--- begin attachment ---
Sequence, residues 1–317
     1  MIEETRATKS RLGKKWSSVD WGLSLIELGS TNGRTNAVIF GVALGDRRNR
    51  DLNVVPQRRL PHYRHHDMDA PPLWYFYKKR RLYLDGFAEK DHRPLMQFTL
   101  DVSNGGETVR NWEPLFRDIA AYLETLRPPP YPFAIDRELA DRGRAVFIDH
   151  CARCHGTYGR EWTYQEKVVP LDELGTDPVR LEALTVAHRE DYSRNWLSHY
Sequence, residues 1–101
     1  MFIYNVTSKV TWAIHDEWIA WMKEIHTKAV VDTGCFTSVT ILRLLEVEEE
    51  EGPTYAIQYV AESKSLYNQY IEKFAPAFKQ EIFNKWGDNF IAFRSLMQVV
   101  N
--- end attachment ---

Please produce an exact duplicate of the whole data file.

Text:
Sequence, residues 1–317
     1  MIEETRATKS RLGKKWSSVD WGLSLIELGS TNGRTNAVIF GVALGDRRNR
    51  DLNVVPQRRL PHYRHHDMDA PPLWYFYKKR RLYLDGFAEK DHRPLMQFTL
   101  DVSNGGETVR NWEPLFRDIA AYLETLRPPP YPFAIDRELA DRGRAVFIDH
   151  CARCHGTYGR EWTYQEKVVP LDELGTDPVR LEALTVAHRE DYSRNWLSHY
Sequence, residues 1–101
     1  MFIYNVTSKV TWAIHDEWIA WMKEIHTKAV VDTGCFTSVT ILRLLEVEEE
    51  EGPTYAIQYV AESKSLYNQY IEKFAPAFKQ EIFNKWGDNF IAFRSLMQVV
   101  N